Session 1 – Part 1
The Pursuit of Holiness in Life and Ministry
We’ve been memorizing the Sermon on the Mount as a church. And many of you have been doing that a verse or two or three each week. And it is providential, I think, that the most recent paragraph, which we finish memorizing this week, is just about as clear and powerful a passage on living by faith in future grace as in all the Bible. That text is Matthew 6:24–34, which says,
Therefore I tell you, do not be anxious about your life, what you will eat or what you will drink, nor about your body, what you will put on. Is not life more than food, and the body more than clothing? Look at the birds of the air: they neither sow nor reap nor gather into barns, and yet your heavenly Father feeds them. Are you not of more value than they? And which of you by being anxious can add a single hour to his span of life?
And why are you anxious about clothing? Consider the lilies of the field, how they grow: they neither toil nor spin, yet I tell you, even Solomon in all his glory was not arrayed like one of these. But if God so clothes the grass of the field, which today is alive and tomorrow is thrown into the oven, will he not much more clothe you, O you of little faith? Therefore do not be anxious, saying, ‘What shall we eat?’ or ‘What shall we drink?’ or ‘What shall we wear?’ For the Gentiles seek after all these things, and your heavenly Father knows that you need them all. seek first the kingdom of God and his righteousness, and all these things will be added to you.
Therefore do not be anxious about tomorrow, for tomorrow will be anxious for itself. Sufficient for the day is its own trouble.
Scope and Sequence
This course is designed to unpack what it means to live by faith in future grace. He’s going to take care of the birds and he’s going to take care of you. He clothed the lilies; he’s going to clothe you, O you of little faith in future grace. It changes your life — absolutely changes your life — when you learn to live by faith in future grace.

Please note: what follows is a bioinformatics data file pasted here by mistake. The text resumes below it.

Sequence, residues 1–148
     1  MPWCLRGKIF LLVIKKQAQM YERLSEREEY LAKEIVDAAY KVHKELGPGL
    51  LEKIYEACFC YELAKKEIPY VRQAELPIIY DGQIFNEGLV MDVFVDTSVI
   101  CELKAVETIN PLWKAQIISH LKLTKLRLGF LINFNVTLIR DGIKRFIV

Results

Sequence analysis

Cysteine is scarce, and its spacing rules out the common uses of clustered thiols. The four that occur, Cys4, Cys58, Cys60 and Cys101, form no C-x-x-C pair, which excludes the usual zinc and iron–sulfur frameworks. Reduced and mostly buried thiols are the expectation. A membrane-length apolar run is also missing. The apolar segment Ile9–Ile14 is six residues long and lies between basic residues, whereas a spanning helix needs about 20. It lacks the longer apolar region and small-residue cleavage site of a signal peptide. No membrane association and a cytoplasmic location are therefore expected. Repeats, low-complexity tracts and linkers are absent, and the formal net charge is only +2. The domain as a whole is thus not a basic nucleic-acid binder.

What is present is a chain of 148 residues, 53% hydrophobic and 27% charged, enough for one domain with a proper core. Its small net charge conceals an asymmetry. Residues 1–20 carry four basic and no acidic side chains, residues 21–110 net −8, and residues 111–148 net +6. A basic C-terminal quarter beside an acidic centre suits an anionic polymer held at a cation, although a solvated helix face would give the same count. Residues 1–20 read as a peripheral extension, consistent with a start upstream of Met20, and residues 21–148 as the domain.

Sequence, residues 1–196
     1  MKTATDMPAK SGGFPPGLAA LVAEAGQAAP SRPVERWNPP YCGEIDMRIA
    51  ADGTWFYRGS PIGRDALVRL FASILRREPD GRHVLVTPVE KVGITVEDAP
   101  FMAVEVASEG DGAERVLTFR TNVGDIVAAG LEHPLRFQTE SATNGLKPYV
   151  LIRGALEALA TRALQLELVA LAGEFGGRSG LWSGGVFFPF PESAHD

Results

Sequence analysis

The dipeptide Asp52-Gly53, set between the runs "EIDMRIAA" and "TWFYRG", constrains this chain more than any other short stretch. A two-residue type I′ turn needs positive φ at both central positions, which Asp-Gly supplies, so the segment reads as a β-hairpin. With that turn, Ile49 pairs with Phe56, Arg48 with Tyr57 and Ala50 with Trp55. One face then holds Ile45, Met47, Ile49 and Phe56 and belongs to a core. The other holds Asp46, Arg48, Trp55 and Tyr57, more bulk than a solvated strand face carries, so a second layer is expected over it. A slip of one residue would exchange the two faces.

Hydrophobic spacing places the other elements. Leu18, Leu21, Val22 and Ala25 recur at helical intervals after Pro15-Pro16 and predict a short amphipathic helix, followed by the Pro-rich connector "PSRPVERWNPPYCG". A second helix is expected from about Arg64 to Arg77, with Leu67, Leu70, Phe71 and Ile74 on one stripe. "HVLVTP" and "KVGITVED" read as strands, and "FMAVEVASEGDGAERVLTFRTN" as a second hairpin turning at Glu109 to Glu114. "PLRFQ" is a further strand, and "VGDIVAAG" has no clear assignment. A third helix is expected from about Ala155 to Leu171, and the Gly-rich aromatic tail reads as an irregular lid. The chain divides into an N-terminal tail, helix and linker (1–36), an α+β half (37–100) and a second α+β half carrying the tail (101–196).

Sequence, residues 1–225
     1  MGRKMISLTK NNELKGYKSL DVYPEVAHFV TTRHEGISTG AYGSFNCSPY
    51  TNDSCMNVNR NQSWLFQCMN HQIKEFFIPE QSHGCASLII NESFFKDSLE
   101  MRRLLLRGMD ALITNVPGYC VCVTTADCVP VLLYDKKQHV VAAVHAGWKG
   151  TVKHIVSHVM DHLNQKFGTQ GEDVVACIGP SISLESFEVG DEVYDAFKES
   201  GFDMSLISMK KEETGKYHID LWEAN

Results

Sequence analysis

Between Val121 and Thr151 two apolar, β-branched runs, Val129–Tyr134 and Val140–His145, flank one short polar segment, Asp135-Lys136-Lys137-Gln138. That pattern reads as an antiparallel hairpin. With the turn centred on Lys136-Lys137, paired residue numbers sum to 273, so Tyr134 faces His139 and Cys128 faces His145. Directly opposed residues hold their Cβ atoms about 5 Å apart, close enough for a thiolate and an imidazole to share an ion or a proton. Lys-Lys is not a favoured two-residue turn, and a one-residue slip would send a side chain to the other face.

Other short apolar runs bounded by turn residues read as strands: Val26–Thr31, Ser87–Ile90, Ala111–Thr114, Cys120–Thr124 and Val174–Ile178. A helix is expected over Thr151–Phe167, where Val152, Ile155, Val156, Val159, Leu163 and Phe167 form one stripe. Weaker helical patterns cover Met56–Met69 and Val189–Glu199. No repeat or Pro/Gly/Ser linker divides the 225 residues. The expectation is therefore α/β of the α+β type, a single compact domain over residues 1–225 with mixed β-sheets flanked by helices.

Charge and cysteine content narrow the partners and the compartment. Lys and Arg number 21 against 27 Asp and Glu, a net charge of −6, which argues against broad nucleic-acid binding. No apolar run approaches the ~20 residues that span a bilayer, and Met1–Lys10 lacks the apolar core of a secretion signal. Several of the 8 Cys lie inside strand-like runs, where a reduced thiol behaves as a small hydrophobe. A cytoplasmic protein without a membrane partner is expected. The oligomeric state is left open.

Here’s the title of our course together: “Living by Faith in Future Grace: The Pursuit of Holiness in Life and Ministry.” It’s an attempt to take the book Future Grace, and unpack it in five hours. Here’s the outline of the class:
- Why Does It Matter? The Passions Behind Faith in Future Grace
- Is It Biblical? The Foundations of Sanctifying Power
- How Does It Work for Holiness? The Origins of Radical Love
- How Does It Work Against Sin? Battling the Forms of Unbelief
So that’s where we’re going in the five hours that we have together.
Why Does Faith in Future Grace Matter? The Passions Behind Faith in Future Grace
So let’s go to one. For those of you who’ve been around a while, they’ll be very familiar, and so I won’t linger long over them. They are fundamental to almost every seminar and every sermon that I lead or preach. What I’m looking for is a way to live that accomplishes these three passions. And I think living by faith in future grace, as I’m going to try to unpack it, is the way that these three passions happen in a person’s life.
1. Passion for God’s Supremacy
This is Bethlehem’s mission statement, as many of you know: *We exist to spread a passion for the supremacy of God in all things, for the joy of all peoples through Jesus Christ. Why? What’s the root of our passion for his supremacy? God is infinitely committed to preserving and displaying his glory in all that he does from creation to redemption. And in this commitment, we see his zeal and love and satisfaction in his glory.
The person that opened my eyes to this biblical truth was Jonathan Edwards in his amazing book *The Dissertation Concerning the End for Which God Created the World8. And so I brought along this book, God’s Passion for His Glory, where I took that book and included it in here. Half of this book is that book right there that changed my life so profoundly in 1971. And then I put my appreciation for it in the first part of this book, and so that’s what this is. And if that sounds intriguing to you, and you would like to see how that worked for me, then that’s the easiest way to get ahold of that book, which was written 250 years ago. Edwards piles text on text, hundreds of them, to show that God exalts in the display of his glory for all that he does from beginning to end. Here’s his conclusion: